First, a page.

Guide Dogs NSW/ACT suggests participating in a puppy preschool.
This is a good opportunity for your puppy to learn basic commands, to socialise, and be introduced to different scenarios, smells, people, and other dogs. Ask your local vet about a puppy preschool in your area.
When training your puppy, remember to be consistent with your commands, rewards, and with your own behaviour. When you are calm, your puppy will be gentle too. When you are consistent and firm with your commands and rules, your puppy will not get confused and will soon learn good habits.
Dogs are creatures of habit.
Having a routine for your puppy to get used to will help them understand what to expect each day and, therefore, settle more readily. Where possible, keep feeding, exercise and sleep times to a predictable pattern and place.
Within the first few days, you must establish with your puppy if there are areas you do not wish for them to go.
Create physical barriers by closing the doors or installing baby gates. In time, your puppy will understand and respect the boundaries created. It’s important to set house rules and consistently reinforce them.
Some house rules you can apply include:
- No jumping on the furniture or beds.
- Your puppy is not allowed in the kitchen when someone is cooking.
- Chewing on household items is to be discouraged.
- Your puppy must not get overly excited when others are eating.
- Meeting and greeting guests and family members must be done appropriately. No jumping or vocalisation.
- Never feed your puppy from the table or kitchen. If you do this once, your puppy will remember.
- Encourage calm behaviour in the home.
- No scavenging: your pup should not clean up under the food table.
- Minimise your puppy’s opportunity to ‘explore’ bench tops and tables.
- Teach your puppy that household appliances—such as vacuum cleaners and brooms—are not toys.
Alone time builds your puppy’s confidence.
To decrease the chance of separation anxiety, regularly leave your puppy alone for a short period during the day. In the first few weeks, it is a great idea to leave the puppy alone in his or her sleeping area. This is a familiar environment and the puppy is likely already used to being left alone in this space at night time.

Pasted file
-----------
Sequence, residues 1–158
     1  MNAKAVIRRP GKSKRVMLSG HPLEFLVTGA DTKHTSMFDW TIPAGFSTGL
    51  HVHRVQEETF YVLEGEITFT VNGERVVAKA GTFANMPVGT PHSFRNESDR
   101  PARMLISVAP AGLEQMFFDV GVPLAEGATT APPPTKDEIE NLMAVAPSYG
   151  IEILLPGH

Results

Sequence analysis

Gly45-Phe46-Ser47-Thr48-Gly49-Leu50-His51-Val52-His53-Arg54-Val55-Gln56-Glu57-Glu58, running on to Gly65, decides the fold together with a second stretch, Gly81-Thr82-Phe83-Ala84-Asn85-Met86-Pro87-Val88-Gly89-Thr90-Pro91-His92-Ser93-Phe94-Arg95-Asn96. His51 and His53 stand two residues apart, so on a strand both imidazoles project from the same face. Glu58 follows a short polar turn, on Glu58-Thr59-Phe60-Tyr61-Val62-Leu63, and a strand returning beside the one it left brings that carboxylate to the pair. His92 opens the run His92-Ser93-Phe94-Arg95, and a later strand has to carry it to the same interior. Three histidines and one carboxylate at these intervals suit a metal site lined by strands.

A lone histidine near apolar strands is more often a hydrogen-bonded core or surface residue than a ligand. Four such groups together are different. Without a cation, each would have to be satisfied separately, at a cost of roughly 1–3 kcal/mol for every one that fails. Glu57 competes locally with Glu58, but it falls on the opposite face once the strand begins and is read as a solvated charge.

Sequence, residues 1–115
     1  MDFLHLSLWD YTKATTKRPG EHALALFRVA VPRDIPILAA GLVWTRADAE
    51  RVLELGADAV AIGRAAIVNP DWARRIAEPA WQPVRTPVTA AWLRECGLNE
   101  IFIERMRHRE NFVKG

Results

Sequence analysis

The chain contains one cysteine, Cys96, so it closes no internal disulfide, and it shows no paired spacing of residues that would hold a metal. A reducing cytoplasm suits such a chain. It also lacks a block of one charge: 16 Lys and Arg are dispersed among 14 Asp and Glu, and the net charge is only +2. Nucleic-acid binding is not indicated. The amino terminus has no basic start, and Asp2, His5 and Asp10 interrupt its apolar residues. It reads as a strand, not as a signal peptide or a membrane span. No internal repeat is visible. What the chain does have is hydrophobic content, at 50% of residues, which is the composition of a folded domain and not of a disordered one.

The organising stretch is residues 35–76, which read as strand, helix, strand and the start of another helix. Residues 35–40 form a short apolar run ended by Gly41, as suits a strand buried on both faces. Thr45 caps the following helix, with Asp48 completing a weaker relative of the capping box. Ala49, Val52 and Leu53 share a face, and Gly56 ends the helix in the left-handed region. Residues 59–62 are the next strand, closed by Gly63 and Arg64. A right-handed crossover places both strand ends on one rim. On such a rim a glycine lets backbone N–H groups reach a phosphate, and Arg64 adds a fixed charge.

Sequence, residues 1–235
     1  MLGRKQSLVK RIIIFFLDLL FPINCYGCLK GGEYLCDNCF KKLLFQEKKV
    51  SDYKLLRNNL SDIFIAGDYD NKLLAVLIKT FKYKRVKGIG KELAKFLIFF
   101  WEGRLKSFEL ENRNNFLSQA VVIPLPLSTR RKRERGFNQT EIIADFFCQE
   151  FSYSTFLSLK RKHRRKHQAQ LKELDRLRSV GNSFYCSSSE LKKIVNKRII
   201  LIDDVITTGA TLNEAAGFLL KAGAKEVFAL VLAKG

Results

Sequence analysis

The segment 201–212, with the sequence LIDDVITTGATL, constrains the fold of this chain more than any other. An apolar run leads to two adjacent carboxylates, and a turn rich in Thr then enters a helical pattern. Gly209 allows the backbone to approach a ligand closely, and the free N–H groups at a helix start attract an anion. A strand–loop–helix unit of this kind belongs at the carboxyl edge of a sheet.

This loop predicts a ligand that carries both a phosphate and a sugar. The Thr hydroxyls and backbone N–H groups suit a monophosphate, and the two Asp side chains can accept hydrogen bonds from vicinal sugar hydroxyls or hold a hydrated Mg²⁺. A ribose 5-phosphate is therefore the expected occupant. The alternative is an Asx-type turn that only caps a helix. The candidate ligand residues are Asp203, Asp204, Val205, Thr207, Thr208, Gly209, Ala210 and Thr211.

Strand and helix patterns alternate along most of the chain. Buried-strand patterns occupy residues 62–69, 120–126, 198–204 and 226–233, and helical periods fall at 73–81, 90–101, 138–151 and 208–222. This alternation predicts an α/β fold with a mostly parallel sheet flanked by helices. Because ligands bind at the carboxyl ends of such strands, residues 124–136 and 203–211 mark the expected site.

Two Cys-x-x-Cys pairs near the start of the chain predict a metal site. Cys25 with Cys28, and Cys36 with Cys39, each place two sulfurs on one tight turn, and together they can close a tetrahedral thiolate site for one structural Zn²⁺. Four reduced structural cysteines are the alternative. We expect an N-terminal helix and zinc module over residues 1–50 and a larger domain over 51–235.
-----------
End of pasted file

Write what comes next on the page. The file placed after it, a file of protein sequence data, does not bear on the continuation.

When leaving the puppy alone outside, make sure that:
- the puppy is comfortable exploring outside without you
- the puppy has the right amount of water, bedding, toys and shelter
- the yard is suitably safe for the size of your pup.
Give your puppy the opportunity to toilet regularly.
Set a routine for toileting. The best times for your puppy to toilet are:
- first thing in the morning
- after meals
- after a nap
- if inside for longer than one hour
- last thing before bed.
Managing negative behaviour
Keeping puppies on the best behaviour.
Try your hardest to ignore naughty behaviour such as barking or whimpering. For example, if the puppy learns that it can bark for your attention, this negative behaviour will become a habit.
Here are some general commands you can teach your puppy:
- Sit: Pup sits on command
- Down / Drop: Pup lays down on command
- Stay: Pup holds position until handler returns
- Come: Pup returns to handler when called
- Steady: Pup slows down on command
- Wait: Pup holds position until release command has been given
- Hup Hup: Encourages pup to speed up
- Up / Stand: Pup stands and does not move
- Heel: Pup stands on the left side of the handler
- Leave it: Used to redirect the puppy from distractions
- Give: Pup releases item from mouth
- Let’s go: Pup starts walking
- Quick Quick: Command to toilet
- OK / Free: Release command
- On your mat/bed: Pup goes to designated area
- Sit-Wait-OK: Commands for feeding
The above information is from our Puppy Raising Manual, the training guide we use to raise and train our very own Guide Dog puppies.